United States District Court, S.D. Indiana, Terre Haute Division
PETITION FOR WRIT OF HABEAS CORPUS
JANE MAGNUS-STINSON, District Judge.
The petition of Kevin Chandler for a writ of habeas corpus challenges a prison disciplinary proceeding identified as No. WVD-13-07-0114. For the reasons explained in this Entry, Chandler's habeas petition must be denied.
A. Standard of Review
Prisoners in Indiana custody may not be deprived of good-time credits, Cochran v. Buss, 381 F.3d 637, 639 (7th Cir. 2004) (per curiam), or of credit-earning class, Montgomery v. Anderson, 262 F.3d 641, 644-45 (7th Cir. 2001), without due process. The due process requirement is satisfied with the issuance of advance written notice of the charges, a limited opportunity to present evidence to an impartial decision maker, a written statement articulating the reasons for the disciplinary action and the evidence justifying it, and "some evidence in the record" to support the finding of guilt. Superintendent, Mass. Corr. Inst. v. Hill, 472 U.S. 445, 454 (1985); Wolff v. McDonnell, 418 U.S. 539, 570-71 (1974).
B. The Disciplinary Proceeding
On July 23, 2013, Officer M. Kolhouse of the Wabash Valley Correctional Facility wrote a Report of Conduct in case number WVD-13-07-0114 ("conduct report") charging Chandler with possession of an electronic device. The conduct report states the following:
On 7/23/13 while conducting a targeted cell search of Q103, which houses offender Chandler, Kevin 138734, I c/o M. Kolhouse did locate what appeared to be a sim card from an ATT cell phone. The SIM card was located in a greeting card that was sitting on offender Chandler's sink.
A Notice of Confiscated Property, which was attached to the conduct report, contained a photograph of the SIM card.
On July 29, 2013, Chandler was notified of the charge of possession of an electronic device and served with the Notice of Disciplinary Hearing (Screening Report) ("screening report"). The screening report notified Chandler of his rights. Chandler pled not guilty and requested 24-hours' notice of his hearing. He requested a lay advocate but declined the right to call any witnesses. Chandler requested physical evidence in the form of "copies of grievance paperwork [he filed] on Officer Kolhouse; [and] copies of letters to Superintendent and Major regarding this." His hearing was to be held July 30, 2013, at the earliest. On July 31, 2013, Chandler was notified that he was required to provide facility officials with the case numbers for the grievance documents he was seeking. Based upon Chandler's request for grievance paperwork, his hearing was postponed until August 8, 2013, at the latest. On August 8, 2013, the hearing was postponed a second time at Chandler's request.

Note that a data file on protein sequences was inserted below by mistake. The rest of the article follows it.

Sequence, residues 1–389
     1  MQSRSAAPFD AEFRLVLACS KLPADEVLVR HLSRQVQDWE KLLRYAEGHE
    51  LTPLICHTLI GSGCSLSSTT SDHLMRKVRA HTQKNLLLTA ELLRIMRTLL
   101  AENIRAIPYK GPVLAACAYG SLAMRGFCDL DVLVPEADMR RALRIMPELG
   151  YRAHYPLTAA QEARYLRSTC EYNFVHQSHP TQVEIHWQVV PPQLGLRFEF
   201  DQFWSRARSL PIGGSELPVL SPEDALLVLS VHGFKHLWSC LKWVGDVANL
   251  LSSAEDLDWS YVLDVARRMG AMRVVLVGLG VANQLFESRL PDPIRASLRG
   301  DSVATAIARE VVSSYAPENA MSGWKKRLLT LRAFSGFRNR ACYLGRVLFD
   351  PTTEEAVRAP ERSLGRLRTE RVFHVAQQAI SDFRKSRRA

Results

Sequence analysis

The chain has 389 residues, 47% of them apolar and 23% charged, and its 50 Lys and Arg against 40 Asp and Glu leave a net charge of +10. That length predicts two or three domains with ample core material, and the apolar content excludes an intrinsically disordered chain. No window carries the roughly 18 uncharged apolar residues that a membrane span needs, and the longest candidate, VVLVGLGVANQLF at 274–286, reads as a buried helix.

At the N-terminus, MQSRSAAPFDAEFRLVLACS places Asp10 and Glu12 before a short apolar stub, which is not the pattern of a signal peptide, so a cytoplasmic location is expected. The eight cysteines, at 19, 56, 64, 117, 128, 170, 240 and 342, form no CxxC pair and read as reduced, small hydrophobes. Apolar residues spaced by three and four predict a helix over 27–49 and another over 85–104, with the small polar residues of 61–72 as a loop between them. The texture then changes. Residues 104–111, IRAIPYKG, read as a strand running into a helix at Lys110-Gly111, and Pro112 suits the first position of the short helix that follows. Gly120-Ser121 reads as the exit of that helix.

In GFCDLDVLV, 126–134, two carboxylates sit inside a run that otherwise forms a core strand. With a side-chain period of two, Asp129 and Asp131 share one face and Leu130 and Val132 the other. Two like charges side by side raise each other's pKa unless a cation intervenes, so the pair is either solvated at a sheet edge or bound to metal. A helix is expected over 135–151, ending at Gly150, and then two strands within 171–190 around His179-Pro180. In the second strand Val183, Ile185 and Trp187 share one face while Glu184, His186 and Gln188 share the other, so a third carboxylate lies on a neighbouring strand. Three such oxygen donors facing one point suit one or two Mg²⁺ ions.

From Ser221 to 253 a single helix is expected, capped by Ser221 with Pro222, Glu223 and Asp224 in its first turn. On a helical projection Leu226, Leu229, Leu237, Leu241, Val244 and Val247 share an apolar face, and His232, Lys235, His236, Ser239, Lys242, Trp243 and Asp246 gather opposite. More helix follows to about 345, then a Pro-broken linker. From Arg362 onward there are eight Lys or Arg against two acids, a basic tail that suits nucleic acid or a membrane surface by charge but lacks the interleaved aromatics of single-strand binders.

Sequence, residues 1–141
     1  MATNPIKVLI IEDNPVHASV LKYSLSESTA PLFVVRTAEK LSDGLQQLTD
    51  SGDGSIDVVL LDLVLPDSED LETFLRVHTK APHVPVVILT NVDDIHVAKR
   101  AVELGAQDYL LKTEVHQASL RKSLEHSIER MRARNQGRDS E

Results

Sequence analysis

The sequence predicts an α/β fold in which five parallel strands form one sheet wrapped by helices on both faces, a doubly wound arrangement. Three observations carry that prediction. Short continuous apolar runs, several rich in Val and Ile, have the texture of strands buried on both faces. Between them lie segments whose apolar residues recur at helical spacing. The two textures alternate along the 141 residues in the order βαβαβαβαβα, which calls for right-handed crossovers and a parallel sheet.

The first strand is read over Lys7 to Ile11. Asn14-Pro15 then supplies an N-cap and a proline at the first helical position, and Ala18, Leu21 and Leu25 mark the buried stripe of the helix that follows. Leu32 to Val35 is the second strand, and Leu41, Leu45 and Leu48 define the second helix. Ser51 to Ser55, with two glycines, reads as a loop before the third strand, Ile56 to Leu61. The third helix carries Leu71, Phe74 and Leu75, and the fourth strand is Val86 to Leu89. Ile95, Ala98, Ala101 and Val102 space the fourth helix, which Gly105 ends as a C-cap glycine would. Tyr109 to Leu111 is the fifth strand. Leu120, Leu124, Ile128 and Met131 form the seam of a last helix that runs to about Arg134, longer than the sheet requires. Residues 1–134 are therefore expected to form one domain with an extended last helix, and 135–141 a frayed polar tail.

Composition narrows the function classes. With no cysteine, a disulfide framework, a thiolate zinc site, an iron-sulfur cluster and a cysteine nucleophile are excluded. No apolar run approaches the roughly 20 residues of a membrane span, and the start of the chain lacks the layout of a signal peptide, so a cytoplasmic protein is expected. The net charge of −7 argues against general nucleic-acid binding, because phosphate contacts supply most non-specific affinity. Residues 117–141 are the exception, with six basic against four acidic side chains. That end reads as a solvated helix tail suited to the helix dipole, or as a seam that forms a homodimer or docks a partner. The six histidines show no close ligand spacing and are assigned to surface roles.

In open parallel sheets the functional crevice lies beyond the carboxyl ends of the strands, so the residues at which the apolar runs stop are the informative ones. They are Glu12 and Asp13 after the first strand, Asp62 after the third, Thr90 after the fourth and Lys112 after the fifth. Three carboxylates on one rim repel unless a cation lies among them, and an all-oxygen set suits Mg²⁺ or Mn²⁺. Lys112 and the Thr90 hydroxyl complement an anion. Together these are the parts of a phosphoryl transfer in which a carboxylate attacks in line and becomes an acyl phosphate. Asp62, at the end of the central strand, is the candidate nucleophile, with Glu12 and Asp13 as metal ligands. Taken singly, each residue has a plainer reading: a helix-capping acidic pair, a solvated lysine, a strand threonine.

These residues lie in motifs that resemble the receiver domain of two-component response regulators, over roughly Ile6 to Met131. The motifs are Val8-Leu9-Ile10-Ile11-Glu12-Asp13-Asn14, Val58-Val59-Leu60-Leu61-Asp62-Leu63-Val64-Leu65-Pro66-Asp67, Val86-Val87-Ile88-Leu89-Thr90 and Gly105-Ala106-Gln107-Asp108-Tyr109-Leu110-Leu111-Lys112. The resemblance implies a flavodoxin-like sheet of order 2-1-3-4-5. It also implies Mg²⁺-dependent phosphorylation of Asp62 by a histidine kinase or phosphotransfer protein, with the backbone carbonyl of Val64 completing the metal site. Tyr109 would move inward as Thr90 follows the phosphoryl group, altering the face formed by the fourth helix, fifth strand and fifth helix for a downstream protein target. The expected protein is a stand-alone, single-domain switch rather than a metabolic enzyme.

On August 13, 2013, a hearing officer conducted a disciplinary hearing in Chandler's case. Officer Boroughs agreed to serve as Chandler's lay advocate. During the hearing, Chandler provided the following statement:
I didn't have anything. This officer and I have had problems in the past. I have told on him for skipping shower and for PREA case
At the conclusion of the proceeding, the hearing officer found Chandler guilty of the charge of possession of an electronic device. The hearing officer relied upon staff reports; Chandler's statement; the Notice of Confiscated Property form; and the SIM card itself. Chandler's request for evidence was denied by the hearing officer as "irrelevant to the conduct report." At the end of the hearing and based upon the hearing officer's recommendations, the following sanctions were imposed: a written reprimand; a one-month loss of commissary privileges; and a 60-day deprivation of earned credit time. Chandler appealed the imposition of these sanctions to the head of the Wabash Valley Correctional Facility, and the appeal was denied on September 19, 2013. Chandler appealed to the final reviewing authority within the Indiana Department of Correction, which denied his appeal on October 1, 2013.
C. Chandler's Claims
Chandler provides three bases for his claim for habeas relief: 1) he was denied his right to due process because he "was suppose[ed] to receive [his] sanction and rest of [his] information to this case in the mail"; 2) prison officials committed a procedural error and violated due process when evidence Chandler requested during his screening was not admitted; and 3) "[m]ore officers [were] shaking [his] ...